A Canadian astronaut whose daughter, Kristin, 26, attends university in Ireland, has said goodbye to life on the International Space Station by making a cover version of David Bowie’s ‘Space Oddity’.
Commander Chris Hadfield, who married his wife Helene in 1981 and has three adult children — Kristin, Evan, and Kyle — chose the sci-fi classic as the swan-song for his five-month mission aboard the station. It has already been viewed more than 2m times.
Hadfield has built up more than 1m followers on Twitter by posting photographs of the Earth from space. He gained a huge following in Ireland, particularly after posting photographs of the country from the space station and tweeting in Irish.
The astronaut’s younger son, Evan, 28, who lives in Germany, said yesterday that his father would be visiting Ireland in the coming months to meet his fans here. “Ireland is easily Dad’s biggest supporter,” said Evan. “We are mystified by it, but the greatest response that could have come from any country came from Ireland.”
He told Ray D’Arcy on Today FM he and his father had decided that the 1969 song would be the most appropriate way to end his space station mission. He said Bowie had been in touch with them and had approved the project, including changed lyrics.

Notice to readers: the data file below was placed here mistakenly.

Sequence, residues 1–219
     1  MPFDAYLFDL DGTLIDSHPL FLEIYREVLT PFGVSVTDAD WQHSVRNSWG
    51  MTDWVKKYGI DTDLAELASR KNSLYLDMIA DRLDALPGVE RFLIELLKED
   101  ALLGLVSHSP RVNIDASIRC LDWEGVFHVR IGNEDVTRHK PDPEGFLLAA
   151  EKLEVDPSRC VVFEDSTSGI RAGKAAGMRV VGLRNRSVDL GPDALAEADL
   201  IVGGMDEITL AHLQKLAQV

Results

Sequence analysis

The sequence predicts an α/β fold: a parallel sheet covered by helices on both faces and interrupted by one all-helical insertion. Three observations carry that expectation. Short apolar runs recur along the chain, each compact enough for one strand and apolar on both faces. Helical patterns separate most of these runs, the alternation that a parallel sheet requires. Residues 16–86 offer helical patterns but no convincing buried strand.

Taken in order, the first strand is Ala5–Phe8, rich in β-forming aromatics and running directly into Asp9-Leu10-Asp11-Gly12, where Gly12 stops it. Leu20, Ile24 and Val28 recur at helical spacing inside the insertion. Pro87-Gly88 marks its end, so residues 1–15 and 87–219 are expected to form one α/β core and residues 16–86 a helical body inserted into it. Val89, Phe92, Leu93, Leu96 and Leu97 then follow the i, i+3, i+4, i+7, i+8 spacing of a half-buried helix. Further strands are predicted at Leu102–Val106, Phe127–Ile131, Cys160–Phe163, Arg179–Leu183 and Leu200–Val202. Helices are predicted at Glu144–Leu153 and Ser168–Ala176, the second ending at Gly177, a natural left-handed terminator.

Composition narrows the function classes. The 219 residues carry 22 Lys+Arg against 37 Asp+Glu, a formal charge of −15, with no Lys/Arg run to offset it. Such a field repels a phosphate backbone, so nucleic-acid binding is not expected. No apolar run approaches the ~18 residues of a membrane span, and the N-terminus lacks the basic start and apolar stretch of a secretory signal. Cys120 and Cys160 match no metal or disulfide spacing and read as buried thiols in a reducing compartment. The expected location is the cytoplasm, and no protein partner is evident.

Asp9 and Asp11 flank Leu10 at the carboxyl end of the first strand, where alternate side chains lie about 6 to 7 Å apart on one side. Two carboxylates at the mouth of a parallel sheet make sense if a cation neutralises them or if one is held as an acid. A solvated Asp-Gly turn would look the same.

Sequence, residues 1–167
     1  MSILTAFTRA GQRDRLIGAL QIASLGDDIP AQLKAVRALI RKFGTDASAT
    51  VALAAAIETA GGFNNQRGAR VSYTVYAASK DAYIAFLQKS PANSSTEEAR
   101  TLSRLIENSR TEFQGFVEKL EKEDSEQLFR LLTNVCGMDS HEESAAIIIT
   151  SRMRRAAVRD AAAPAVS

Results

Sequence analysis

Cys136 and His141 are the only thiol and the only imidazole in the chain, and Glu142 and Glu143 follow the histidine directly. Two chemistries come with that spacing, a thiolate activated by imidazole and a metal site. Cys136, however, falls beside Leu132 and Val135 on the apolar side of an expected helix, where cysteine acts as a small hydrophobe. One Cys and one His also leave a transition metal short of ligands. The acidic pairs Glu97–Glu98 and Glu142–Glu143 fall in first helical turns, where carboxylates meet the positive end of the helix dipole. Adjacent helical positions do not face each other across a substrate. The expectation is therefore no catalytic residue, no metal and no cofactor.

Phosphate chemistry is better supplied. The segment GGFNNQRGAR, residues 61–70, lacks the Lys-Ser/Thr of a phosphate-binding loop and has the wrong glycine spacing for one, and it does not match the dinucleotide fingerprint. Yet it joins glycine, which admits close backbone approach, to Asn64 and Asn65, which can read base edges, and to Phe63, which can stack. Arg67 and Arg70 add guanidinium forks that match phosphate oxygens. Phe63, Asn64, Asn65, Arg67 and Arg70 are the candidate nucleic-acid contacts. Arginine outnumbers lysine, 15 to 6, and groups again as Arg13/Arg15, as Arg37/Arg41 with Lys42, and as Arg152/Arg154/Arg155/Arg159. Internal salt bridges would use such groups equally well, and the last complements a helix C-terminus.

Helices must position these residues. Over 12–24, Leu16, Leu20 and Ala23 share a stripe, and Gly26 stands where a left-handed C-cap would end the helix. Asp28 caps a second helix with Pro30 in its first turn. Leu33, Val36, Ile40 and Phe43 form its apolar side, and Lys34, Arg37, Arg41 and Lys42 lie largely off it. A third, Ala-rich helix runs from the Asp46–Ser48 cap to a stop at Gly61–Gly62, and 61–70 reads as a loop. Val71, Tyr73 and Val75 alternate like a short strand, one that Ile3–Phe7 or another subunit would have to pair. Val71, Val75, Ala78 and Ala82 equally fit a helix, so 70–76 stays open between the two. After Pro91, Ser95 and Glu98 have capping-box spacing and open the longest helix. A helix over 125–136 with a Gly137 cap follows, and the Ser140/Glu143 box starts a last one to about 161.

A music video recorded on the space station shows Hadfield playing acoustic guitar and singing. His five-minute rendition of ‘Space Oddity’ stays true to the original, apart from an altered final verse to reflect that: “… Planet Earth is blue and there’s nothing left to do.” In contrast, Bowie’s version ends with his alter ego, Major Tom, hurltling helplessly into outer space.
The song plays over footage of Hadfield roaming about the space station, occasionally synchronising with the lyrics “I’m floating in a most peculiar way”.
Hadfield later tweeted his thanks to the Earthlings who helped with the recording.
The astronaut wrote on Twitter: “With deference to the genius of David Bowie, here’s Space Oddity, recorded on Station. A last glimpse of the World.”
Bowie replied: “Hello Spaceboy.”
Last month, Hadfield thrilled pupils at Sacred Heart Primary School in Roscrea, Co Tipperary, when he phoned them from the International Space Station.
Kristin, who is studying for a PhD at Trinity College Dublin, arranged the phone call, having been invited to Roscrea to launch the school’s website. Hadfield’s eldest child, Kyle, 30, lives in China while he and his wife, Helene, live in Houston along with other astronaut families.
In February, Hadfield sent a message from space to veteran wildlife broadcaster, David Attenborough, asking: “If you had an evening to spend here on the space station, how would you spend it?” Attenborough replied: “I’d just sit and watch the Earth go by — it’s a perspective I’ve never had.”
© Irish Examiner Ltd. All rights reserved